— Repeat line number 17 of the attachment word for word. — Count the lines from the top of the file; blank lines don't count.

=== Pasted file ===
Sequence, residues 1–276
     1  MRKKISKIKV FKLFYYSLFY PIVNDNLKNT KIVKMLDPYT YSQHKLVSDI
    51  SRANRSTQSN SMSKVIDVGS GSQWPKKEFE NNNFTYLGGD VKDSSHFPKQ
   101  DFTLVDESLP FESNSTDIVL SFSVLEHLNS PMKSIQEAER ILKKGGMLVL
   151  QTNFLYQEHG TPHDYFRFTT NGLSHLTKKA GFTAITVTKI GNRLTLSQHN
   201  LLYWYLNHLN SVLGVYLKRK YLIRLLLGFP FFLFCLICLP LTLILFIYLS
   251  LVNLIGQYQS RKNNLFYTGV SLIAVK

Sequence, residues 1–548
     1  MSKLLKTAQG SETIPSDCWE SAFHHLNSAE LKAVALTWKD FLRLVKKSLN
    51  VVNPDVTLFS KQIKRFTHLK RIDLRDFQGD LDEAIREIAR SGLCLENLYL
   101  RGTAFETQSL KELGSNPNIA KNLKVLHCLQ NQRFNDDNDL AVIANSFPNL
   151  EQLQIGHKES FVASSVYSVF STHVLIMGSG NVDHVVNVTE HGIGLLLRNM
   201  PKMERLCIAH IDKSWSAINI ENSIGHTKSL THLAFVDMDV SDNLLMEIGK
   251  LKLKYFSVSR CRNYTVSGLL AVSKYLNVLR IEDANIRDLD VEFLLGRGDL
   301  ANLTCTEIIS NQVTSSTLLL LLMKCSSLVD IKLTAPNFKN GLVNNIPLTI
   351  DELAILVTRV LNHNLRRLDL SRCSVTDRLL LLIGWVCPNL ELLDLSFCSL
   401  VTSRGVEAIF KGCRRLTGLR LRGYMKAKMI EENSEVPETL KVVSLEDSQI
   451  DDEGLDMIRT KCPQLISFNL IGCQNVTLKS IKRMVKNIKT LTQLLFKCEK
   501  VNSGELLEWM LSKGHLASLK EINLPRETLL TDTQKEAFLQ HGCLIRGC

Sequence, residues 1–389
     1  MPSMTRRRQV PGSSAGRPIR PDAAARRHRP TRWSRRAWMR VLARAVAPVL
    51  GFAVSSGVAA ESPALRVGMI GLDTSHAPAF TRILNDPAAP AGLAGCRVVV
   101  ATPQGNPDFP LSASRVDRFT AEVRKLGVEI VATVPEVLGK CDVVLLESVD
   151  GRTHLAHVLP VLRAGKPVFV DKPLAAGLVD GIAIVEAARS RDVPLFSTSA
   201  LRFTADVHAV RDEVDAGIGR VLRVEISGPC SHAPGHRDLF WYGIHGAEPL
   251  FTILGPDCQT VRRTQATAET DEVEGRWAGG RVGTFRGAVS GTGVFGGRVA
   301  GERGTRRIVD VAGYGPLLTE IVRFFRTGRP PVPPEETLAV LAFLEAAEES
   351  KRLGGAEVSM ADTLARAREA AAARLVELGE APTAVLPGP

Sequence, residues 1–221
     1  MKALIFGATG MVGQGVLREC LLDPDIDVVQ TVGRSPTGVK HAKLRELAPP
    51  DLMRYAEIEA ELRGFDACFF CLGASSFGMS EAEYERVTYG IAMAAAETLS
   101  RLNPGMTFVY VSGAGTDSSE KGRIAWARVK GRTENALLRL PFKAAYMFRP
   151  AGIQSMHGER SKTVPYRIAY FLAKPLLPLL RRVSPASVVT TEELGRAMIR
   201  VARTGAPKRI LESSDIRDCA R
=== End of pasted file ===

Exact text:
   401  VTSRGVEAIF KGCRRLTGLR LRGYMKAKMI EENSEVPETL KVVSLEDSQI